In this rapidly growing dynamic environment, organisations are fighting a constant battle to remain competitive; in such, the usage of teams has grown to be a criterion for organisational success. Organisations create teams for various reasons. Teams give a sense of responsibility and empowerment to members who are performing the tasks assigned. This, in return, increase efficiency and productivity, at the same time allow organisation to minimize its bureaucracy and foster flexibility. Other types of teams, such as problem-solving team, virtual team, management team and self directed team (SDT), are formed within a company. SDTs have increasingly emerged as a popular strategy in the execution of tasks. As discussed by Appelbaum, Abdallah and Shapiro (1999, p.60), ‘lately self directed teams are being used as ways of achieving employee participation as well as getting closer to the customer.’ This can be seen in various companies including ‘Motorola, Xerox, Proctor & Gamble, AT&T, Federal Express, Levi Strauss, and General Electric (Tata, 2000, p.187).’
Self Directed Team
Self directed team is defined as ‘a cross-functional work group that is organised around work processes, completes an entire piece of work requiring several interdependence tasks and has substantial autonomy over the execution of those tasks (McShane, Olekalns and Travaglione, 2010, p.320).’ SDT focuses on concept of having a group of people with various functional working capabilities operating as a team, from designing to producing a product, with minimum supervision. Members are given the empowerment to manage, make decisions and take ownership on tasks which used to be that of a managerial role.
This view is further supported by Attaran and Nguyen (1999, p.553), who addresses the concept of SDT as ‘a self-governing team, a continuation of quality circles and other quality improvement programs that promote employees' empowerment and encourage workers' participation.’
‘Empowerment is the process of enabling workers to set their own work goals, make decisions and solve problems within their sphere of responsibility and authority (Griffin, 2000, p.284).’ This illustrates a high level of autonomy in SDT which according to McShane et al (2010, p.218), ‘autonomy is the degree to which a job gives employees the freedom, independence and discretion to schedule their work, and to determine the procedure(s) used in completing it.’ These two distinct characteristics of self-governing team often result in an increase in productivity, constructive and creative ideas, and team morale and achieve competitive advantage.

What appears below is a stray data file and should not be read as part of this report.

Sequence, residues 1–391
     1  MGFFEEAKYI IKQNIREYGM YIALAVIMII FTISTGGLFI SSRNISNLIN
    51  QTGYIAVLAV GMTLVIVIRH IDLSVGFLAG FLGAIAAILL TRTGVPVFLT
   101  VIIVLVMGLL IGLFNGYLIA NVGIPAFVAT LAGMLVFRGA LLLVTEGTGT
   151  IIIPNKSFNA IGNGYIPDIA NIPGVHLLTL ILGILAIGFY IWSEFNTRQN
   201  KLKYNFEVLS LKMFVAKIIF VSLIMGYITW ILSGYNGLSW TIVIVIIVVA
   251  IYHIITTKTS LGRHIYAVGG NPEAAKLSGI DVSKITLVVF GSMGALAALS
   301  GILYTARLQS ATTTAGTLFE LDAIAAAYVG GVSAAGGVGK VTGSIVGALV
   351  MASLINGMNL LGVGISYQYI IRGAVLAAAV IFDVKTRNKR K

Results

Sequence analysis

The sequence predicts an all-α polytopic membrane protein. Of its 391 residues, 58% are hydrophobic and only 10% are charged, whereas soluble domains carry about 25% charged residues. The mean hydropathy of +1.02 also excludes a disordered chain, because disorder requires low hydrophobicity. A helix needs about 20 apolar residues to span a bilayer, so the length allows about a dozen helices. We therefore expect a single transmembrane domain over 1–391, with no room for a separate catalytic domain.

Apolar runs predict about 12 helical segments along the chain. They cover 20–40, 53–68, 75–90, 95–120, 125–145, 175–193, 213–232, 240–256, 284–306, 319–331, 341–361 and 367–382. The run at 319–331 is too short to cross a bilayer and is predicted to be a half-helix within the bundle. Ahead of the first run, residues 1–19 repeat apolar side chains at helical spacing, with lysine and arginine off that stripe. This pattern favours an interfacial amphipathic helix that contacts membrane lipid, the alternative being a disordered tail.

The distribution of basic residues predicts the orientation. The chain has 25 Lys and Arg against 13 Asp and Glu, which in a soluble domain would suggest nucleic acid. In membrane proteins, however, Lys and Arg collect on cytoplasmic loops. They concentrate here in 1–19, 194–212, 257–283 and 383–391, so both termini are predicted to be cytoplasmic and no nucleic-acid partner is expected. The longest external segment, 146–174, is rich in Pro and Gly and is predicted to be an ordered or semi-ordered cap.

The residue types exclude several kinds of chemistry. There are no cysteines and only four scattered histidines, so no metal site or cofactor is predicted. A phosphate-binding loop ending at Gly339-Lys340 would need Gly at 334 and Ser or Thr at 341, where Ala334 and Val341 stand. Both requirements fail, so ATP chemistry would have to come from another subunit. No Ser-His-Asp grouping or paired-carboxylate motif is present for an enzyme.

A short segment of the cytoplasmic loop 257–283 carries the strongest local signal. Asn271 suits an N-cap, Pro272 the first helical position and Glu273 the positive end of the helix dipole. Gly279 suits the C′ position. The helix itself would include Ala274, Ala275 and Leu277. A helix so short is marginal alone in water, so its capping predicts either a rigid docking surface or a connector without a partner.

Implications for Implementing a Self Directed Team
Careful implications and planning are crucial for management when it comes to implementing SDT, which will contribute to the criteria of success. Employees must be able to identify common goals and visions, and to have clear indications of individual roles and expectations within the team to avoid role ambiguity which, Griffin (2000, p.365) states ‘it arises when the sent role is unclear and individual does not know what is expected.’ As mentioned by Garrison and Turner (2006, p.163), ‘employee must understand his or her role in the bigger picture.’ In order to achieve that, members should go through training to develop new technical, as well as, supervisory skills to cultivate interdependence amongst them.
Simultaneously, members should always work towards the behaviour of the ‘Five Cs’ competencies (refer to Figure 1 in Appendix A) which are cooperating, coordinating, communicating, comforting and conflict resolving. These competencies are vital in a team in order for members to communicated freely and work together effectively. In addition, team members possessing these competencies are able to mediate any arising conflicts and work harmoniously.
Advantages and Disadvantages of SDT
In recent years, more and more organisations have been seen...
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